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#82 Offline Ghabulous Ghoti

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Posted Aug 22 2013 - 10:30 AM

 

 

I think it's too soon. Bionicle is too familiar and a reboot would likely be too similar to later Bionicle and/or Hero Factory (building system, etc) or be too heavily scrutinized by fans for them to enjoy it. It needs to be remembered and have a fan base and all, but it should also have a nostalgia factor going for it that I think it lacks now. Like in the Lego movie, with the space guy and NBA all-stars minifigures they show that were from years ago; it wouldn't have been as amusing if they had used Chima or something instead, because it isn't old enough (and Chima sucks, but that's besides the point). Maybe they should bring it back ten years or so after Bionicle's over with; maybe even make a movie out of it like they might be doing with Ninjago and Hero Factory.

BIONICLE IS pretty nostalgic... but I see what you're saying. I would want some kind of reboot down the line, but a while from now. And if LEGO is now doing Simpsons, then why can't BIONICLE be more mature? Simpsons is PG13 from what I've seen, so I think a PG13 BIONICLE would work (or at least a high PG :P )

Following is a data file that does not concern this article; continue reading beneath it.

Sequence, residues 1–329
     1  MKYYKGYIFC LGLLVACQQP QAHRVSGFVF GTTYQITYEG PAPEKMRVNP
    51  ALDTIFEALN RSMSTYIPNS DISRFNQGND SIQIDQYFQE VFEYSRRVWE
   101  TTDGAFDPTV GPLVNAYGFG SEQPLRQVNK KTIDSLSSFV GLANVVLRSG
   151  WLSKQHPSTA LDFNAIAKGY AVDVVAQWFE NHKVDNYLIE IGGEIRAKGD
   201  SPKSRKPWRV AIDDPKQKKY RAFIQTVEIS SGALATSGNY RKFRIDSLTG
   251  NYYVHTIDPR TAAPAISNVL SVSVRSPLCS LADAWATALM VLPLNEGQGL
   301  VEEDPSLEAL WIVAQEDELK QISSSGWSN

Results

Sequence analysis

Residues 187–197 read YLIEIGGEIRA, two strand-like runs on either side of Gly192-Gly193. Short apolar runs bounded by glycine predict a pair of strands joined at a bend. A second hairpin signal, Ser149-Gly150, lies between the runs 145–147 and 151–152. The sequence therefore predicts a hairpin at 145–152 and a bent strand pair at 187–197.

There's a difference though between creating something with the specific goal of selling toys and creating toys based on an existing property. In more specific terms it's the difference between creating an enthusiastic audience and taking advantage of one that already exists.I'm not saying higher ratings on the media would be out-of-the-question (PG would certainly not be out-of-the-question as far as age-appropriateness is concerned, even though it's risky narrowing your audience like that), but there's not any particular reason that would make the media more desirable. I always think back to the Mata Nui Online Game as a good example of a story that has depth and gravity yet is still decidedly lighthearted and kid-friendly. There is a pervading sense of ominousness to some of the story chapters, and a real sense of suspense and urgency to certain tasks you have to perform. But it also doesn't avoid jokes, and they're more than just easter eggs hidden in the background. You have characters like Taipu, a lovable dunce, or Hafu, an artist with an inflated ego, whom people of all ages can find funny. You have very dynamic fight scenes, but one of the darkest ones is resolved in a very humorous fashion by Onua throwing a lightning bug at his opponent. And the game as a whole never tries to apologize for its vibrant colors or cartoony animation. This balance of seriousness and humor was continued in Templar's Bohrok and Bohrok-Kal animations... who can forget the time when several Mahi were magnetized to Pohatu Nuva?The Ninjago books and cartoon have come closer to this balance of seriousness and silliness than most other LEGO-related media has been able to manage (sadly, there has never been another LEGO online game that could compare to this kind of exciting open-world adventure). There are many very real moments of myth and mystery, suspense and danger, sorrow and triumph. But they are tempered by a healthy amount of humor and lightheartedness. And there are some very dynamic fight scenes, helped out greatly by a powerful musical score and awesome cinematography, but they never push it to a level of violence that would be inappropriate for the target audience of the toys. Given what a tremendous success the Ninjago toys, TV show, and merchandise alike have been, I don't see any reason why BIONICLE couldn't be successful while keeping things lighthearted and kid-friendly.